Peter Zummo, a senior double-majoring in design and mechanical engineering at Rensselaer Polytechnic Institute, is used to explaining the products he thinks up for his studio-class assignments. But last spring, he found himself answering questions of a different kind in a conference room at Rensselaer’s office of technology commercialization, which tracks and patents inventions made on campus.
Zummo and his classmate Matthew Naples had designed a water bottle that could be filled with sand and reused as a brick to build housing in developing countries. The director of the office, Charles Rancourt, wanted to know: When had they come up with their design? Had they held brainstorming sessions on campus or off? What equipment had they used to produce their prototypes?
Colleges and universities own the ideas and technologies invented by the people who work for them, including professors and graduate students who are paid to do research. Most universities also own inventions created by students using a significant amount of their resources, even if the inventors are undergraduates like Zummo and Naples.
The question of whether the two students or R.P.I. owned their invention was a tricky one. They had first designed plastic bottles that snapped together, Lego style, with two other students for a freshman design class project that challenged them to solve a social problem. Their idea was to keep the billions of water bottles that people in developing nations throw away each year out of landfills while providing the poor with free building materials.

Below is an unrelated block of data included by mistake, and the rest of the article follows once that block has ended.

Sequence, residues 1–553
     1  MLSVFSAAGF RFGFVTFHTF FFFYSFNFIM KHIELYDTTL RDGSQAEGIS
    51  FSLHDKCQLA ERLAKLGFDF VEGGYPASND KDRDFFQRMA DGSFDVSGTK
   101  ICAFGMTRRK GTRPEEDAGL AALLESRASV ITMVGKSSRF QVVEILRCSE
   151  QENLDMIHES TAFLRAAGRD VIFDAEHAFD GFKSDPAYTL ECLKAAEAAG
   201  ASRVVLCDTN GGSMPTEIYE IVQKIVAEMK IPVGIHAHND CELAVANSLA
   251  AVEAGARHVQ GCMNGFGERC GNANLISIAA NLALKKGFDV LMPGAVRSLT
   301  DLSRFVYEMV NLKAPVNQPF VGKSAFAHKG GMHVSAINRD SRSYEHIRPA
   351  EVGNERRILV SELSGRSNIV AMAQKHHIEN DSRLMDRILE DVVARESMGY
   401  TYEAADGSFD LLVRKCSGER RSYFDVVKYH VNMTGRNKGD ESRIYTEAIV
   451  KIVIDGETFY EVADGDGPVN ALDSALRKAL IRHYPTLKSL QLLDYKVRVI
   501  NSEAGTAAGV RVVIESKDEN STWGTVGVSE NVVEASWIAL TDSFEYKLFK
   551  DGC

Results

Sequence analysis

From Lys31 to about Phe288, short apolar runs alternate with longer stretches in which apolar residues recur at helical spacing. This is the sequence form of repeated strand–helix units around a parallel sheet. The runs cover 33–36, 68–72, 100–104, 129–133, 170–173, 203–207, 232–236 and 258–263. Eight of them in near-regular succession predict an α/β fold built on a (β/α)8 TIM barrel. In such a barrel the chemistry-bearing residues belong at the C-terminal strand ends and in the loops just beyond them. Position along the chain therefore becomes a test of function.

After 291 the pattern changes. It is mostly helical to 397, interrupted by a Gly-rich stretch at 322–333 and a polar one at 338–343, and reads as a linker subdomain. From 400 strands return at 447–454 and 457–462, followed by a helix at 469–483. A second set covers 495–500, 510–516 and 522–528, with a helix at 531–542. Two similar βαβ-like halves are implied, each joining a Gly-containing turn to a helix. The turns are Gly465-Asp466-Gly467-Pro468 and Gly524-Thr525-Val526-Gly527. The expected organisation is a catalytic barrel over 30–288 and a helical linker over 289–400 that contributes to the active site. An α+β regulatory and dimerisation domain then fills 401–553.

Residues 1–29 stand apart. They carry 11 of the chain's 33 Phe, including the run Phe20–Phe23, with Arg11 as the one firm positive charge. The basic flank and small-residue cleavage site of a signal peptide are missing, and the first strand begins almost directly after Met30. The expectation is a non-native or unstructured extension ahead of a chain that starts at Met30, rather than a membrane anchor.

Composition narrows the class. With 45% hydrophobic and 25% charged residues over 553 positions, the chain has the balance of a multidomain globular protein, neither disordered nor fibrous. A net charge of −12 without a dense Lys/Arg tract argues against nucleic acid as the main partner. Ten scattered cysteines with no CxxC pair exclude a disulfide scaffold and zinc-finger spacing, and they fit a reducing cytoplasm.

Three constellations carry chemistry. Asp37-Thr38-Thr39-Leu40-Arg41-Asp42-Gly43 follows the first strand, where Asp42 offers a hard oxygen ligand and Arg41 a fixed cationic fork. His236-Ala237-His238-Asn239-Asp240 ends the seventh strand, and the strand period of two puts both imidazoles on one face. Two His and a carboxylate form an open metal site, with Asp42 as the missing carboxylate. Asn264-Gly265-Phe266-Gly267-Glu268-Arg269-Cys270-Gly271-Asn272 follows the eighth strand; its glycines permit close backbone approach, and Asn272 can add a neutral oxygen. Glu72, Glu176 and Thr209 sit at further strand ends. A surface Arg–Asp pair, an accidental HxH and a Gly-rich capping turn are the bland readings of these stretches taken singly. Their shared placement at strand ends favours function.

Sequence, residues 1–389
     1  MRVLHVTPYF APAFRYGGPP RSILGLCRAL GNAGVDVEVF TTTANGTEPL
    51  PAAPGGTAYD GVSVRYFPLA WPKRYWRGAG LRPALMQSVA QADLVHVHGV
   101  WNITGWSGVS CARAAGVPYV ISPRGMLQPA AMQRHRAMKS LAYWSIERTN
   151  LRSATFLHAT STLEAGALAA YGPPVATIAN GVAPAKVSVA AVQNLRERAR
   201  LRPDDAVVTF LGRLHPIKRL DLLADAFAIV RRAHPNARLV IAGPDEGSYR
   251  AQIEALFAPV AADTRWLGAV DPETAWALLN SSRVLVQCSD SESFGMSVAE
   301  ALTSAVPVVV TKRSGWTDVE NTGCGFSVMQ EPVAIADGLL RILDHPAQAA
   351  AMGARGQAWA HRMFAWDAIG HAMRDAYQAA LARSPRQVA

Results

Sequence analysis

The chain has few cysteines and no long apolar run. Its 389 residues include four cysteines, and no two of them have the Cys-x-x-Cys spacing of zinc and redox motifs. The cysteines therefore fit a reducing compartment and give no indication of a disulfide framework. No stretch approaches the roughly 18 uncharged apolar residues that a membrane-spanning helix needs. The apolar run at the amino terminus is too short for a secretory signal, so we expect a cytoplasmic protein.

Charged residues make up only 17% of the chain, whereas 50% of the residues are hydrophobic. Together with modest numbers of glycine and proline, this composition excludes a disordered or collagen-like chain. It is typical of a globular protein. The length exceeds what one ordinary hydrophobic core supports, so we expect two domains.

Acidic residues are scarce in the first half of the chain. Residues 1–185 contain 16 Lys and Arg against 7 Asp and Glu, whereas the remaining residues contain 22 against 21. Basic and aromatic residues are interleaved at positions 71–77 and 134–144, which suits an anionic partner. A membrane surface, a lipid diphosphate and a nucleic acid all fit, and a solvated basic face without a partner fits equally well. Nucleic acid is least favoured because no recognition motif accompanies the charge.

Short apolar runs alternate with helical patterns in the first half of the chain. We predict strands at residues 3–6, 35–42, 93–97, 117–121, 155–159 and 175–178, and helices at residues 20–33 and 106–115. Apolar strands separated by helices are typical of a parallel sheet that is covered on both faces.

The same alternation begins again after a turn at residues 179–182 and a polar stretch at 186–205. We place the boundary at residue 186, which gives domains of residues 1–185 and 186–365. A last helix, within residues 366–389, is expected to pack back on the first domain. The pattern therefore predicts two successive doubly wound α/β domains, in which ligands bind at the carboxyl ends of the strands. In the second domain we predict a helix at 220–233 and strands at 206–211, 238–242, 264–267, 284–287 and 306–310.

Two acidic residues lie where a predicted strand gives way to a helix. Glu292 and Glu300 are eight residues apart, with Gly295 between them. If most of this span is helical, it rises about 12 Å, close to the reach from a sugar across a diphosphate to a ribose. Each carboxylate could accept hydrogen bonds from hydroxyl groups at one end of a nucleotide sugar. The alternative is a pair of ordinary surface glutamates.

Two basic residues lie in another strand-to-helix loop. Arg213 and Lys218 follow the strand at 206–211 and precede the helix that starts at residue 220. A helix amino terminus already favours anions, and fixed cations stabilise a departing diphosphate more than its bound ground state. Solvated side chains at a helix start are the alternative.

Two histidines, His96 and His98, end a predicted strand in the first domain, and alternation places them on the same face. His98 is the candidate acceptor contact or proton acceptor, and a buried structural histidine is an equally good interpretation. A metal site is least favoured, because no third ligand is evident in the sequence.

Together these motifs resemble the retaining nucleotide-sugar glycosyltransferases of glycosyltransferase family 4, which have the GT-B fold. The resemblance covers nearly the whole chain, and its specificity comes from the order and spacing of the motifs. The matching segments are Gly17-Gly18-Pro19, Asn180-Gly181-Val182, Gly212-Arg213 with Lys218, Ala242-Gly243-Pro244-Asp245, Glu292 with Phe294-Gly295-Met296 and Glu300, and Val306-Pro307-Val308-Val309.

With entrepreneurship booming, especially in courses that mix M.B.A. candidates with budding physicians or engineers, more and younger students are coming up with ideas that have commercial potential. While formal programs offer classes in managing intellectual property, plenty of students develop their ideas with little knowledge of how ownership is determined or the pros and cons of involving the university.
Continue reading “Who Owns Your Great Idea?”
Photo by hisks.
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